Behind Enemy Lines: Purdue center Isaac Haas
Michigan State garnered an abundance of attention in the Big Ten race early in the season — and for good reason. But it may be easy to forget Purdue returned five of its top six scorers from a team that won the Big Ten regular season title a year ago.
Taking the brunt of the frontcourt offensive load from Caleb Swanigan, Isaac Haas came into the year with unapologetically high expectations. He wants to play in the NBA. He thinks he’s as good as any big in the country. He feels nobody can guard him, and he can guard most anybody.
To some extent, the numbers bear that out. For the second straight year, Haas leads the Big Ten in points per 40 minutes. He is leading the charge for an upstart Boilermaker team that is now one of the top five in the country, threatening to take the Big Ten once again from the Spartans. Purdue has wins over Louisville, Arizona and Butler, among others, on its way to a strong 15-2 start. Purdue comes to Crisler Center to battle Michigan on Tuesday night in a matchup that presents the Wolverines its greatest challenge of the season to date. Haas will play a big role in how it turns out.
The Daily sat down with Purdue's 7-foot-2 senior center at Big Ten Media Day to discuss his personal progress, the Boilermakers’ goals, the matchups with Michigan and more.
The Michigan Daily: You led the conference in points per 40 minutes last season. What kinds of techniques are you doing to stay on the floor and stay out of foul trouble?
Isaac Haas: Honestly, just running a lot. So that way you’re not making tired decisions, you’re not making tired fouls. I think it’s going to provide me with a lot more opportunity. As well as positioning, understanding the game a little better, understanding, you know, ‘You’ve been here four years, you know what people are going to do to you, you know what some people aren’t going to do to you.’ You need to know how to take advantage of that, and sometimes when to back off. There are just certain points when you need to press your advantage and some points when you need to back off and not get too far ahead of yourself.
TMD: What do you think might be your potential this year if you are able to increase your minutes and stay on the court?
IH: I think the potential is through the roof, in my opinion. In other’s minds they may not see it the same way. It’s just a matter of going out and proving what I can do and helping my team win. That’s all that matters.
TMD: What do you think you need to improve upon most to play in the NBA?
IH: I think there’s multiple things. It’s never just one thing with somebody. It’s all a matter of conditioning, rebounding and being a better defensive player. My defense on the perimeter used to be a weakness. The more I work on it, the better I’m going to get on it. All I’ve been working on lately is my conditioning, rebounding and perimeter defense.
TMD: When you’re playing a team like Michigan that spaces the floor a lot, and with you being a traditional big, what kinds of challenges does that present to you?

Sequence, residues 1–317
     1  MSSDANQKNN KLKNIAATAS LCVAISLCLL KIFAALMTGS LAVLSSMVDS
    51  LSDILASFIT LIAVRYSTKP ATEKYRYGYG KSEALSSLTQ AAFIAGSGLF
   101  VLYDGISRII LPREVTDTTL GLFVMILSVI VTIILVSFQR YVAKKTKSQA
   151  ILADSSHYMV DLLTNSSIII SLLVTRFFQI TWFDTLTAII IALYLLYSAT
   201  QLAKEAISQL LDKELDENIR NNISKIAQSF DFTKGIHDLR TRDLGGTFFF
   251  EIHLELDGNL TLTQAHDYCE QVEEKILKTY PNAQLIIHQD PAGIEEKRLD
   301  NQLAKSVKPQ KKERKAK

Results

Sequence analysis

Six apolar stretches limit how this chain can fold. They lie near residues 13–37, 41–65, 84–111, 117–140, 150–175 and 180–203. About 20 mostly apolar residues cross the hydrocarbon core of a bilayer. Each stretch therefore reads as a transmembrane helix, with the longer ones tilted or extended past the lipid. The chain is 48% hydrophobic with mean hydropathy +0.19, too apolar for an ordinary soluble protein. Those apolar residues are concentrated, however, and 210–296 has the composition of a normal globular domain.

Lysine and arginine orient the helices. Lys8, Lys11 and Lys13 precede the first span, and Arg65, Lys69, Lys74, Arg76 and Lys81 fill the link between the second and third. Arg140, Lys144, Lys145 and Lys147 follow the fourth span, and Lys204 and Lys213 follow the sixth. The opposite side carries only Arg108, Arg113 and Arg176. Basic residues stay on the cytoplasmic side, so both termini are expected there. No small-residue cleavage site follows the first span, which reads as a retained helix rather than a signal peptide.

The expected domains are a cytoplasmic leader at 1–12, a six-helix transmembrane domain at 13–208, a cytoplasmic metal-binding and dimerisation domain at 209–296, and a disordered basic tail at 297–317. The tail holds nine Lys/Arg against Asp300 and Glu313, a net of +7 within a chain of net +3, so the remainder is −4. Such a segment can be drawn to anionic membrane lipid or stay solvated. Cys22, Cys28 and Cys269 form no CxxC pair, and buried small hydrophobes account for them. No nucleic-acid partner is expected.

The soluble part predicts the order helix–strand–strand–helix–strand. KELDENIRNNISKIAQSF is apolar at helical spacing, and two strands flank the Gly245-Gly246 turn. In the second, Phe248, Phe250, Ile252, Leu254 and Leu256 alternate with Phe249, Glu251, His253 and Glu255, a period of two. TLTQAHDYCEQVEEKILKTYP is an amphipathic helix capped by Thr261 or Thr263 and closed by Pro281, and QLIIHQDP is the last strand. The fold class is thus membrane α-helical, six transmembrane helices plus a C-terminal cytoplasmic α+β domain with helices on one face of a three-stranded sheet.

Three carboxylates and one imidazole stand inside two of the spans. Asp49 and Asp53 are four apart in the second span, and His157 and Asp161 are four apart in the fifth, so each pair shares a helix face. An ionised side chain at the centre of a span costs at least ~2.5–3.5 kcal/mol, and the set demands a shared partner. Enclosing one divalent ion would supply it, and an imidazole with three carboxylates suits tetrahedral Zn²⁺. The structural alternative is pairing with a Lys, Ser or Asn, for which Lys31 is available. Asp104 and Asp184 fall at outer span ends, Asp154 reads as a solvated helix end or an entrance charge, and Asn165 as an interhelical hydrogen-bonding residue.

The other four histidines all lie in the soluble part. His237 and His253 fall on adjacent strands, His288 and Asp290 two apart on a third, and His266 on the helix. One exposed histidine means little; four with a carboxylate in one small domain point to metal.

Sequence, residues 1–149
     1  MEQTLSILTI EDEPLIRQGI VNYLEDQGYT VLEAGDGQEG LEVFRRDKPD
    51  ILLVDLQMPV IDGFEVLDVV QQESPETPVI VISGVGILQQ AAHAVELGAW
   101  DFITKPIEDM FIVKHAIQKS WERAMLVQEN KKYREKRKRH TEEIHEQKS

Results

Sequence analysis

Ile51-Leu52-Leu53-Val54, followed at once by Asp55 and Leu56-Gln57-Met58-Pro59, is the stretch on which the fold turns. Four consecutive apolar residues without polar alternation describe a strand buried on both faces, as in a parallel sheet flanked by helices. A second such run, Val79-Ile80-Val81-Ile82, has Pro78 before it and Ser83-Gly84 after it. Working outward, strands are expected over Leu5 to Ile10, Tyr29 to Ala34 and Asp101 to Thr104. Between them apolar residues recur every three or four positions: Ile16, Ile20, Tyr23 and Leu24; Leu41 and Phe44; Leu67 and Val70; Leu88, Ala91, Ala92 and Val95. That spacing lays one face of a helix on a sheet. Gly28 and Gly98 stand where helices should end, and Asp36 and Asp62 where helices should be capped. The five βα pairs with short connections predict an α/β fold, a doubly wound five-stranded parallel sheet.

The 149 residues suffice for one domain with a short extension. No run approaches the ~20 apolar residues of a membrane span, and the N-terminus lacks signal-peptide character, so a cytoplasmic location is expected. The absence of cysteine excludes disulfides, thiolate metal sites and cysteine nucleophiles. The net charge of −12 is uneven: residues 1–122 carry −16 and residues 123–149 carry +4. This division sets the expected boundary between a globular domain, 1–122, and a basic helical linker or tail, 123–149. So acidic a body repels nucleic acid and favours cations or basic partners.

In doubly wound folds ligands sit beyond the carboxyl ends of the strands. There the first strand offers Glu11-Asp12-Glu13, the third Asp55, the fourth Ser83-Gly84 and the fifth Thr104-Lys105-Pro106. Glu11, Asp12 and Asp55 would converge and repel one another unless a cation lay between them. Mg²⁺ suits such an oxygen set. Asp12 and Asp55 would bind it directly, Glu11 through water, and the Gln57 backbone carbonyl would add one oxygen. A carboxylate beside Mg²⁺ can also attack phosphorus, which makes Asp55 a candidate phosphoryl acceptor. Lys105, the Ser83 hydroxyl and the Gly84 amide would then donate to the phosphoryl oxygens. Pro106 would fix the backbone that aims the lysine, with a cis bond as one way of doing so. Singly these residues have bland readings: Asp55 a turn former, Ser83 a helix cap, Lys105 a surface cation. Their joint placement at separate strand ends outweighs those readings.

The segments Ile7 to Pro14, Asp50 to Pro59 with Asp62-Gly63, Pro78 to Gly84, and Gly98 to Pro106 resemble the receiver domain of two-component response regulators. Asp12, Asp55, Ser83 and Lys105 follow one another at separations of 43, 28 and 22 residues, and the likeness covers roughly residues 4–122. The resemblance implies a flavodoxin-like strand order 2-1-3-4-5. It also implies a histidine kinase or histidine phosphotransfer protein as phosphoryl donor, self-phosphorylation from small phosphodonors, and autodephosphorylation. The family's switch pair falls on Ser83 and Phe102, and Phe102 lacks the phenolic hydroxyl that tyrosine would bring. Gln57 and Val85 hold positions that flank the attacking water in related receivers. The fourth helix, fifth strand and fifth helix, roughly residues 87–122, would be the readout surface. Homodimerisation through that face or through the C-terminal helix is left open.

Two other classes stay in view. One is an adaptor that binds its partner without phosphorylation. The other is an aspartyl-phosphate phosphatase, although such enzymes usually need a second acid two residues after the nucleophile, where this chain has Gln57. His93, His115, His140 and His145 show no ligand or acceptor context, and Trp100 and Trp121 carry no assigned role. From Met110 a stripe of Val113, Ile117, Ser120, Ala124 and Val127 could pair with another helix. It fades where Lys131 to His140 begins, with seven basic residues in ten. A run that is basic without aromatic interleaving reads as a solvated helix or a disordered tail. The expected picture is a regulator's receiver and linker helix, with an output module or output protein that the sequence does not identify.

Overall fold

IH: Well, obviously it presents a challenge of lateral quickness. That’s something I’ve been working on a lot, especially after training with the NBA, kinda getting better from that whole experience. I do understand that there’s a lot of things I need to work on. I worked with a trainer and now my lateral quickness is a lot better. I know that I’m shutting some of these guys (teammates) down on the perimeter now. The goal is, if I can shut them down, I can pretty much shut anybody down, except for the select few who are just so top-class. It’s just a matter of corralling them, keeping them in front and making sure that I play solid defense and making them make a tough shot.
TMD: So do you think you can shut down Moe Wagner?
IH: I think I can shut down just about anybody, it’s just a matter of doing it.
TMD: Against Michigan, you guys played some entertaining, back-and-forth games. What do you take away from those games last year as you look toward those matchups this year?
IH: I’d just say, it’s going to be competitive, they’ve got guys coming back. Obviously they lost (DJ Wilson), he was a big factor. But I also know that you got more recruits. John Beilein is a great coach, who’s going to get those guys playing together. And I know it’s going to be a tough challenge for us, but I’m looking forward to it.
TMD: You hear a lot about Michigan State going in (to the season), the media’s presumptive favorite. Do you guys feel slighted at all that you’re not in that conversation?
IH: I think it doesn’t matter. I think it’s going to be a matter of who’s going to win and who doesn’t. I think they’re obviously very talented. I think they have the potential to do great things. But it’s just a matter of stepping up, understanding that just because we won doesn’t mean anything this year. It’s still 0-0 across the board. That’s why you see none of us wearing our rings here today because we don’t care. We’re happy that we won, but we don’t care. This is a new year and we’re trying to win another one.